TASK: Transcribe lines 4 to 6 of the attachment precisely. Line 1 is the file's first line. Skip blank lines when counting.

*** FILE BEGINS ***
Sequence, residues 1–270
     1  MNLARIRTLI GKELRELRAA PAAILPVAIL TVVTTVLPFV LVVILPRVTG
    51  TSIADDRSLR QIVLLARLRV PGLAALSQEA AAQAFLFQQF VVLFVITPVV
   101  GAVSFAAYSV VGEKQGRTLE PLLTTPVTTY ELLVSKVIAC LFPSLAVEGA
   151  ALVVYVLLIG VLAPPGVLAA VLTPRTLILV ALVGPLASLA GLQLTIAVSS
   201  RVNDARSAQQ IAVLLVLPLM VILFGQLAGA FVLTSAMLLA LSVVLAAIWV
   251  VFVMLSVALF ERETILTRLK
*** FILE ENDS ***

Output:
   101  GAVSFAAYSV VGEKQGRTLE PLLTTPVTTY ELLVSKVIAC LFPSLAVEGA
   151  ALVVYVLLIG VLAPPGVLAA VLTPRTLILV ALVGPLASLA GLQLTIAVSS
   201  RVNDARSAQQ IAVLLVLPLM VILFGQLAGA FVLTSAMLLA LSVVLAAIWV